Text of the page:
The Art Club election was held
fessor of Journalism." is In Chicago
last Friday in the Fine Arts buildtoday attending the fall counicl
ing.
Officers for the club are Jo meeting of the National Editorial
Salyer, president: Phyllis Dell Association.
Portmann, president of the KenCourt, vice president; Julia Barn-har- t,
tucky Press Association, was acsecretary and Billy Ogger,
companied by Thomas L. Adams,
treasurer.
staff, who
Richard B. Freeman, Art De- of the Herald-Leade- r
Is vice president of the KPA.
partment head, will give n lecPortmann will attend a discusture at the meeting at 1 p. m.
sion on editorial policy at the
Friday.
president's meeting, for presidents
of the state associations. He will
return to Lexington Saturday.

POSITIVELY

Take Advantage Of It To See

VISION
SCREEN

fra

(ntiikHi

2 PM

Oct.

Wed.-Thur- s.

15-1-

6

DEADLIER THAN THE MALE

Jean Gabin

Irene Browne

&&Ynr7?i
HXIHCTOH-MIHTUC-

KV

ENDS TODAY
"Cat On A Hot Tin Roof"
STARTS TOMORROW

Color

.

Scope

0r

I

v.x

letutZttiy

1

i

Valerie French

6.50, 10:10.

"
Heaters
Necessary

"In-Cor-

If

m

tuft

"itPti'n,

STARTS TONITEI
West's most
. . . The
shot it out!
Wyart Eorp, Bill Cody,
All in

.

.

1ST RUN
fame
Pot Garrett,
Pat Master-sogun-fighte-

n

"BADMAN'S COUNTRY"
Starring
GEORGE MONTGOMERY
BUSTER CRABBE
NEVILLE BRAND

2nd Feature
DEBORAH KERR
DAVID NIVEN

Colorscope

"BONJOUR TRISTESSE"

1:12, 3:19, 5:26, 7:33.

"THE HARD MAN"

CIRCLE

HELD OVLR!
1ST RUNI
"Moonshiners" vs. "Revenooers"
Fightin' and Feuding in Ky. . . .
ROBERT MITCH UM KEELY SMITH

and JIM MIT CHUM in

"THUNDER ROAD"

"Bonjour

25

Trstesse.

in

GEORGE MONTGOMERY

"TOUGEST GUN IN
TOMBSTONE"

7:05. 10:30.

"Bad Man's Country," 9:15.
"Thunder

FAMILY

ENDS TONIGHT
Jack Lemon June Allyson

i

"Toughest Gun In Tombstone,"
j

"YOU CAN'T RUN AWAY
FROM IT"
Color

j

Scope

j

j

8:52.

KENTUCKY "Kings Go Forth."
12:27, 2:45, 5:03, 7:21, .9:39.

Heaven

"Night

LEXINGTON

Also
Sal Mineo

Road," 6:55,

10:20.

Fell,'.' 7:07, 10:21.

Jas. Whitmore

"THE YOUNG DON'T
CRY"

"The Hard Man," 9:09.
STRAND "Cat On A Hot Tin

rMr''(

--

A

Roof," 1:15, 3:24, 5:30. 7:35, 9:45.

j

4

SPEED "VICTeOLA n
BY RCA VICTOR

vHv$

II

4'H $i

-- V-V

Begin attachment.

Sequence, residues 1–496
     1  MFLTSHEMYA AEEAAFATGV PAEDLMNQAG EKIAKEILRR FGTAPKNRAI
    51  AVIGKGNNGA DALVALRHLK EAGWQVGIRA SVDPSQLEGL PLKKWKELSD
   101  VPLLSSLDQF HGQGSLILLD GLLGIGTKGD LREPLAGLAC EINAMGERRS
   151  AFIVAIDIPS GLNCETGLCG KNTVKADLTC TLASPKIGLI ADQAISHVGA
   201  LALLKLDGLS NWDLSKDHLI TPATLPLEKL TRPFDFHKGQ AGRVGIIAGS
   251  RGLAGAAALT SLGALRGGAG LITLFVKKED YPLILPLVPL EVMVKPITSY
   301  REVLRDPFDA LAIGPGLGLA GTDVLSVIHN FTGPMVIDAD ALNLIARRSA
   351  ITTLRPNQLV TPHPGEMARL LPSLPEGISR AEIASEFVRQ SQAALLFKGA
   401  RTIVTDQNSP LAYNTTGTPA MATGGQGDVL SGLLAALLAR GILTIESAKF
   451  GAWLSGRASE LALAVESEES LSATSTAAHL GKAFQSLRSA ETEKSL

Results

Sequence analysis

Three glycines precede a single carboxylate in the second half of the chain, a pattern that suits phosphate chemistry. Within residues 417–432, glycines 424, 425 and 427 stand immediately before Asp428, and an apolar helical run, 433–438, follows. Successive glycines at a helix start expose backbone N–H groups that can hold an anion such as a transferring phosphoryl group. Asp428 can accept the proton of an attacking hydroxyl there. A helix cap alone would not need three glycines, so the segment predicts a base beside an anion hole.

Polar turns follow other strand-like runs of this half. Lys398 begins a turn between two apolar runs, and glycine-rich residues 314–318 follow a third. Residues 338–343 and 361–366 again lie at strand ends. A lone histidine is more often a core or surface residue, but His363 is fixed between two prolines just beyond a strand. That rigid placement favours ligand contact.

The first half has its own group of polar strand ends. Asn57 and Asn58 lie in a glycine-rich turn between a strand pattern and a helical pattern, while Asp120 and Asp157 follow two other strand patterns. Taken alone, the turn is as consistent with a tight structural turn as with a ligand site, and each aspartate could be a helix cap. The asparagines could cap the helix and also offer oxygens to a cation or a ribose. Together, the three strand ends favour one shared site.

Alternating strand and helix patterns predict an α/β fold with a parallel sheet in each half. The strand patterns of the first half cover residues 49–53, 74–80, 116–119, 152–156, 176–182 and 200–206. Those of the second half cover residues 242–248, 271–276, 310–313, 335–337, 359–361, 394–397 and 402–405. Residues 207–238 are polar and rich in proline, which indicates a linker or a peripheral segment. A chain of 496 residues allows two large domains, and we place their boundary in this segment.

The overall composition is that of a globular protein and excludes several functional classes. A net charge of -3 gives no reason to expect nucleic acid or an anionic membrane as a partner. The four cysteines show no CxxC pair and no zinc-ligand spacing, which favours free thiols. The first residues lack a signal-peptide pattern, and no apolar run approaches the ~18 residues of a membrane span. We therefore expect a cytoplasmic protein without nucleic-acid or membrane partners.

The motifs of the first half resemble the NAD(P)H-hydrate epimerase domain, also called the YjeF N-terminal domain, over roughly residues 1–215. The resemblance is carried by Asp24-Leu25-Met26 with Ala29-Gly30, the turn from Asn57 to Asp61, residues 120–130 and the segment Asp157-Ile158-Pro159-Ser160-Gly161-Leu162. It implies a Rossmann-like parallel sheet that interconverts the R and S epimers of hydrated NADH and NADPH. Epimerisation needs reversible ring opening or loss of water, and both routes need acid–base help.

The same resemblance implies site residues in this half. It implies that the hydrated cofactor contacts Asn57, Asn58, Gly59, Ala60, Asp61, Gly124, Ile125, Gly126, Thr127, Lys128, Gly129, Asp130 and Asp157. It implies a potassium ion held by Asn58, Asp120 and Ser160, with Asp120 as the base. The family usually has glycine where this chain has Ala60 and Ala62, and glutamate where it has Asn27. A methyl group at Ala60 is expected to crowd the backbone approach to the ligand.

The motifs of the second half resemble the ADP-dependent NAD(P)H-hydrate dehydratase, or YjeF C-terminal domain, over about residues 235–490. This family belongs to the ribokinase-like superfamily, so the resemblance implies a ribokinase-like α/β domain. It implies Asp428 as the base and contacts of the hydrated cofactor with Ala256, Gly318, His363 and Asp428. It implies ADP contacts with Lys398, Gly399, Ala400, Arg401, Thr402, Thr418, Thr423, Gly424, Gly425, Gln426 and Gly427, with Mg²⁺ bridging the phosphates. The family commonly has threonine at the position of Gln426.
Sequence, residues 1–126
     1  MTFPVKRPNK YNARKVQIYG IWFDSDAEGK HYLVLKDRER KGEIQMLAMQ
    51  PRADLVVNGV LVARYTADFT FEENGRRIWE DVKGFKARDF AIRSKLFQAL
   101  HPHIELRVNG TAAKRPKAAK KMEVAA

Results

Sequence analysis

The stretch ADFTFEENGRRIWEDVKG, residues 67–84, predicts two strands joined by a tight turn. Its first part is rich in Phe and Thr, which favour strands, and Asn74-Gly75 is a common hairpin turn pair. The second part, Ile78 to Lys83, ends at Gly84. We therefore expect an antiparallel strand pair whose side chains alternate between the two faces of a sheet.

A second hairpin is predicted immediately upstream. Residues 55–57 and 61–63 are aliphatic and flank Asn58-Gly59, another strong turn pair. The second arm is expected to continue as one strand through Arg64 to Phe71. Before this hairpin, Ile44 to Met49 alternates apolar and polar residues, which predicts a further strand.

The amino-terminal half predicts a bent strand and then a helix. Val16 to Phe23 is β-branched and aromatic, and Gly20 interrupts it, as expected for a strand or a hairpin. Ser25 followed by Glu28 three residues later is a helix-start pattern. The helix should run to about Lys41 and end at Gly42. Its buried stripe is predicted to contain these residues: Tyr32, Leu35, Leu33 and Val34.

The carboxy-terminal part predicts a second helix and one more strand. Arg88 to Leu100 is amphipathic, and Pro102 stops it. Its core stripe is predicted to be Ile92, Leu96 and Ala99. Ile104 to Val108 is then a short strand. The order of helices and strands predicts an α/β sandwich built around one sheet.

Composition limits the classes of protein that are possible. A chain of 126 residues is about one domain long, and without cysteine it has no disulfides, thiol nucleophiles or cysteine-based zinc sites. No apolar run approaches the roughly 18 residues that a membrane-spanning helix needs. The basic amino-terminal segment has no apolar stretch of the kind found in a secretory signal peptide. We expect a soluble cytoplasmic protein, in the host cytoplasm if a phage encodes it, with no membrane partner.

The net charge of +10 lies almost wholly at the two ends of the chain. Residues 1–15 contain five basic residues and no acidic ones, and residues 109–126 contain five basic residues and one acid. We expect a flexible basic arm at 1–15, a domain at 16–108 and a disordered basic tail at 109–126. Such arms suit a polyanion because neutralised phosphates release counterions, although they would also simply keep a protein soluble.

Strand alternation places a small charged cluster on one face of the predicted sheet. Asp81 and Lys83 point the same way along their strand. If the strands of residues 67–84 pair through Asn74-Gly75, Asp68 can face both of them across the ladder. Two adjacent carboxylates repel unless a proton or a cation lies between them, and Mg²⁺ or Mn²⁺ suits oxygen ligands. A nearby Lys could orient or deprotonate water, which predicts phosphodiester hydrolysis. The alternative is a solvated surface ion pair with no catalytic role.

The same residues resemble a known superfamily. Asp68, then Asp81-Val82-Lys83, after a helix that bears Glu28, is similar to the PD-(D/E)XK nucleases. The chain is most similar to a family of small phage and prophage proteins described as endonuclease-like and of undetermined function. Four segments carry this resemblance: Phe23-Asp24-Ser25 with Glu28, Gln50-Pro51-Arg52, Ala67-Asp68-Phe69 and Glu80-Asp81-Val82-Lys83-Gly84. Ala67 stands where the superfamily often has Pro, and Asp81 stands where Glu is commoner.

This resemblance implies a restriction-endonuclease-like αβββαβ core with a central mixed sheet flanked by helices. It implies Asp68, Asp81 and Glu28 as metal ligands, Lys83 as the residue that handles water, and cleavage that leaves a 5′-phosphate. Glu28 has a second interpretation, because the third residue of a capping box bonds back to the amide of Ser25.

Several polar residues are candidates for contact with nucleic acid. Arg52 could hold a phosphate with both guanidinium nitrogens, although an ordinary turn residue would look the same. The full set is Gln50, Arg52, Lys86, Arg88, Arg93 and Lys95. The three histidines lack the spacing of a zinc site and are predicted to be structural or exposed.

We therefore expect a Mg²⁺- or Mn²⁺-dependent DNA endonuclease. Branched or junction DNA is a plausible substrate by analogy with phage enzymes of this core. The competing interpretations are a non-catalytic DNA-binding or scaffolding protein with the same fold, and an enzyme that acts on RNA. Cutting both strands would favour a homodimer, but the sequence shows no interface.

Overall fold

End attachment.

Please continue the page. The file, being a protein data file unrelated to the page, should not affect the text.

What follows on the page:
Plays all speeds and all sizes.
Excellent tone quality. Portable metal case covered with
washable "vinyl" in your
choice of three pastel shades.
Easy terms.

STARTS TODAY

$2995
m WmL

Try Our Complete
Line of

RCA VICTOR AUTOMATIC
"45" RECORD CHANGER

5

play fourteen
"45"
records smoothly and
automatically. Has unusual
fine tone quality. Handsome
leatherette covered portable
carrying case. Easy terms.
WiSl

'

Trench Coats
Iridescent
Raincoats

RPM

I

Musical In

x

Baraczida
For Only $15.95 up

OPEN 'TIL 9 P.M. MONDAY THROUGH FRIDAY

Gorgeous Color')

ALSO

The Single Breasted
Va Length

S3995

STARTS TOMORROW!
The New Screen

Rain Hats $1.95 up

By The

PHILLIP

Composers Of
"My Fair Lady"
9y f

FAMOUS

MGM

and MAURICE
CHEVALIER

GALL

& SON

Starring
LESLIE CARON
LOUIS JORDAN

it

y

c1

h

;

FOR FAMOUS BRANDS

v

JUST TWO BLOCKS WEST OF CAMPUS

Also News and Cartoon

117 S. Upper

IJaaH
H3iM

li

rl

Nobody Can Launder A Shirt Like

i

JLSViULSUViP).

--

cr J

rt

4--1

.

(
r- -

SAVE 15

2-06-

53

David Freyman
Campus Representative

BECKER
iff
Li

rs

.

2nd Feature

"Man Of The West,"

BEN ALI

In

I
!

CIN IMASCOPE'

Sea." 2:00,

At

"Deadlier Than The Male," 3:25,

Also

Guy Madison

5REX HARRISON
KAY

Electric

j

:

I

v

The first mass meeting of Alma
Magna Mater will be 5 p. m. Tues- day at the SUB. Anyone having
relatives who attended the Uni-- :
versity of Kentucky Is eligible to
attend.
The UK Amateur Radio Club
will meet at 5 p. m. Monday in
the Engineering Study Hall, on
the second floor of Anderson Hall,
All interested amateurs are invited
to attend.

Also

Alec Guiness

r KFNflAI
I

ASHLAND "All
5:20, 8:43.

"NIGHT HEAVEN FELL"

Alma Magna jtfuler

Radio Club

Daniel Delorme

ALL AT SEA

Xf

MOVIE GUIDE

BRIGITTE BORDAT
In

Ciiinmis Party

WIDf

N

LAST TIME TONIGHT

I

1

Adolf Hitler did not read the
Kernel in public after he established the Nazi Party.

DRIVE-I-

THEATRES

pro- -

not always a woman! All
members or students who
but a good cigar is a horse of a wisn to affiliate with the Campus
different feather. Pogo.
party should meet at 7 o'clock
tonight in room 204 of the SUB.
A woman is

DELTLINE

ON CARRY OUT

CORNER LIME AND EUCLID

* Till: MNTl

Legalists Are 'Pitchmen
fly TAI L ZIMMERMAN
Collepc Is an odd
d
walls, thick;
tc mbir.ition:
toor.s. me srrrniry of study, coin- pitching and cheers for the girls. '
Most, students who have seen
on the walk or
the
heard the law students cheering

The UK

Lrvw

ivy-cla-

j

coin-pitchi-

ng

more in common th.m Mudnt ImU and c.irnin?
in the larger, more dispersed col- .:it 'Aw w.r.
lrKrs-

'pitthitv

Miiclid
-

if

(.-...;- .-

iiiul u!::.stlii..t
the pretty i:vls have .vnin up.
Pirlmps the. eteran.s bro'.inht the
customs back . . . no one knows
for sure. After all. who care.-It's
Just a fathering of good friends

-

:;is

-

Traditions of thfo kind h.ir lrcn
upheld at the law school for many
years. Before World War It, it
was a custom for the law stuclrntv
to sit together at the football
games wearing ascot ties and derby passing the time.

frobably. wondered what kind of
an odd ball place the law school is.

It would seem that this would

,

t

,

,

v

....

1

1

,

ontmiml front I'atr I